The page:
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Growing up in a family of strong Puerto Rican women, professional networking events and conferences are nothing new to me. From National Hispanic Institute, Carolina Women in Business Panels, and commercial real estate internships, expanding my name and network is something very valuable to me. From an early age, I was fortunate enough to have been taught the importance of formulating my own strong professional foundation and image as a Latina. I grew up understanding that unlike some of my peers, simply being a woman of color emphasized the work I had cut out for myself.

Recently, I was given the wonderful opportunity to not only work but also attend our annual La Conferencia 2023 hosted by our team at the Carolina Latinx Center. Historically, as a Latinx community, environments where we can grow as professionals and have access to the same tools some of our peers, friends, and coworkers have been very limited. Resources such as headshot sessions, graduate school coaches, resume advisors, and even points of contact in the fields in which we intend to pursue are out of reach for more Latino/a/e/x’s than not.

Nonetheless, attending the different sessions offered and connecting with so many Latinos from different areas was a memorable experience. As a Boricua one thing I have noticed since coming to UNC is that the community of Puerto Ricans here is very small and limited. Unlike other groups on campus nuestra comunidad de Boricuas isn’t very big and often I find that in certain spaces I am the only one or one of very few. That said, attending the financial planning panel this past weekend led by two powerful Boricua NC State University alumnae was very impactful for me. Seeing not only two women but two women of color like myself leading a conversation that many of us stray away from and be vulnerable with their own experiences about debt, investments, and guidance on financial planning was reassuring and motivated me to investigate things I had not thought of before.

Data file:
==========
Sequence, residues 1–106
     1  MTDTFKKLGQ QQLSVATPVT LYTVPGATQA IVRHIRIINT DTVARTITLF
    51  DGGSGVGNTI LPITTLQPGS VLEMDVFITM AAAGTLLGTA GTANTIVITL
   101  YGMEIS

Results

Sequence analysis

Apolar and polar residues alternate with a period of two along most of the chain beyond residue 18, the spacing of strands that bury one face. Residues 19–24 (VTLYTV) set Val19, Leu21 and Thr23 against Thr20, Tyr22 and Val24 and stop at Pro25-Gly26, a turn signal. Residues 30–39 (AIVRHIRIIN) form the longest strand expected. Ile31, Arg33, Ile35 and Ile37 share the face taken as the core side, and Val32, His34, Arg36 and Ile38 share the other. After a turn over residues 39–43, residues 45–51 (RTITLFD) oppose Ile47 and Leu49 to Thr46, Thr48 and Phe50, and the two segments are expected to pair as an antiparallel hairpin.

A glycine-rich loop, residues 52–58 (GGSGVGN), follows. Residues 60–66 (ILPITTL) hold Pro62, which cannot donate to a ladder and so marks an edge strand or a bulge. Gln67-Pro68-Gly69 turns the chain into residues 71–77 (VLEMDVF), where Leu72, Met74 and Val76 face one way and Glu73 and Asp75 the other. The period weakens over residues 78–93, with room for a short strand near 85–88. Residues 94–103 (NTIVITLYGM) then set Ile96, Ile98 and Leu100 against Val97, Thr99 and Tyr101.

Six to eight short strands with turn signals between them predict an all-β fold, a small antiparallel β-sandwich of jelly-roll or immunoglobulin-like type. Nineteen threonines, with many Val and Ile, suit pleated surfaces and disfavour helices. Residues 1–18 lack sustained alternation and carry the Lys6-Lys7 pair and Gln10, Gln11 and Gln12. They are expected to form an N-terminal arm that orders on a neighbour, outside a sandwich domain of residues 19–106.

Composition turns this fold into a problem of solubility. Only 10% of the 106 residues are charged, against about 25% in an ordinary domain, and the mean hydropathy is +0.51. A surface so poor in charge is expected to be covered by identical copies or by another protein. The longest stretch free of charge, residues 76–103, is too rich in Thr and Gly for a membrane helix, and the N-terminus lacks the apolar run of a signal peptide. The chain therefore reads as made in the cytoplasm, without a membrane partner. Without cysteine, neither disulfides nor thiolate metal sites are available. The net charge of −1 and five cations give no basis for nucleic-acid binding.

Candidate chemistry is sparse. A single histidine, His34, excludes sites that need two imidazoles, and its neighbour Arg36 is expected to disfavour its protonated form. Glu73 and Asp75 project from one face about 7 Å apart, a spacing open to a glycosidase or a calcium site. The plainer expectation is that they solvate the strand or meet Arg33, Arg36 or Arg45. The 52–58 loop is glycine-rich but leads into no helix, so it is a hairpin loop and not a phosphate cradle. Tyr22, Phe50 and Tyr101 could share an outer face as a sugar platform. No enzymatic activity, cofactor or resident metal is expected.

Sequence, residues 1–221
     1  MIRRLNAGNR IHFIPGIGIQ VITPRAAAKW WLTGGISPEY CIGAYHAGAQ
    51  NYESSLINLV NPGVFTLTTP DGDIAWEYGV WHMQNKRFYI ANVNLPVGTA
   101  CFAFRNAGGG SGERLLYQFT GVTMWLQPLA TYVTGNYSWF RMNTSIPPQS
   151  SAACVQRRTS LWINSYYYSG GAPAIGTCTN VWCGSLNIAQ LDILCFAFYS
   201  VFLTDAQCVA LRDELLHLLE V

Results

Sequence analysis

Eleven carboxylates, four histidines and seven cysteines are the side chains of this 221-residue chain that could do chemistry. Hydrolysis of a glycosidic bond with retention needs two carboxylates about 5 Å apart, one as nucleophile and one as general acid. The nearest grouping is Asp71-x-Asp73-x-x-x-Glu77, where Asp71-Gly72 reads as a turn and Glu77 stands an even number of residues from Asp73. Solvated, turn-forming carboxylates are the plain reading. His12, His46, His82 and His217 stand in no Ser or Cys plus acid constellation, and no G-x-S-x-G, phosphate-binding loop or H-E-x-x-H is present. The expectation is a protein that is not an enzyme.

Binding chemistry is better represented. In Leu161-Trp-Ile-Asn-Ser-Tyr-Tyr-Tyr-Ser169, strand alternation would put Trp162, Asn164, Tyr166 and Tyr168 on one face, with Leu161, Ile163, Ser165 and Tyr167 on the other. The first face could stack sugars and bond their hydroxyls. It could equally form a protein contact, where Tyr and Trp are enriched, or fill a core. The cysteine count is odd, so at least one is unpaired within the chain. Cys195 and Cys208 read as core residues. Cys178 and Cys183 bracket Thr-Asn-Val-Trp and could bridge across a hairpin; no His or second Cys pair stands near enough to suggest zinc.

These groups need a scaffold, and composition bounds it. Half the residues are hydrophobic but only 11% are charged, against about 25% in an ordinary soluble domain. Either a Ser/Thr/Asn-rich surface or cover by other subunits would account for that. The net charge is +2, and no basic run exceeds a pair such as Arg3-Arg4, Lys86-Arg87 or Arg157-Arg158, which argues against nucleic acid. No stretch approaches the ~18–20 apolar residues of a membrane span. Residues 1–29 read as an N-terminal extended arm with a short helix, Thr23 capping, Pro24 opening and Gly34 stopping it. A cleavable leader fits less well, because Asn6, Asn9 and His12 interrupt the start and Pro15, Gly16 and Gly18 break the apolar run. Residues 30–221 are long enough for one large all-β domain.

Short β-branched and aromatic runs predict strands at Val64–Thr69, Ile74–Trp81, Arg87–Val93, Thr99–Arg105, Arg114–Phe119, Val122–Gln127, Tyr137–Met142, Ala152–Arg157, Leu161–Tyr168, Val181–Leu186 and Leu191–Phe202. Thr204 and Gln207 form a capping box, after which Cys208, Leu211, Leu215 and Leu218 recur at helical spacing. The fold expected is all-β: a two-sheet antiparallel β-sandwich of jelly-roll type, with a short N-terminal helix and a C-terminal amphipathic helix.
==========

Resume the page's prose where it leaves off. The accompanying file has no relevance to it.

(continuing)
Alongside the financial planning session, the panel on mental health was another session from which I took so much away. As Latinos, mental health is a topic we, unfortunately, stigmatize ourselves and often completely avoid. “Yo no creo en eso”, “Terapia es para locos”, “Ora a Dios y eso te curará todos tus problemas”, “Yo he pasado mucho más y estoy bien” are all just some of the phrases I’m sure many of us have heard when the conversation regarding mental wellness comes up. Whether it be a result of generational trauma dumping or simply a continuation of not educating ourselves and those around us well enough to deal with mental health we feed into the cycle of stigmatization rather than education. Hearing as each professional shared their experience and the duality between culture and mental health provided and judgment-free space for us to not only listen but understand.

Overall, this year’s Conferencia was an experience I will not forget and each session taught me something valuable I will take with me for the rest of my career at Carolina and beyond.

¡Muchas gracias a todos los que asistieron y espero verlos el año que viene!

Un abrazo,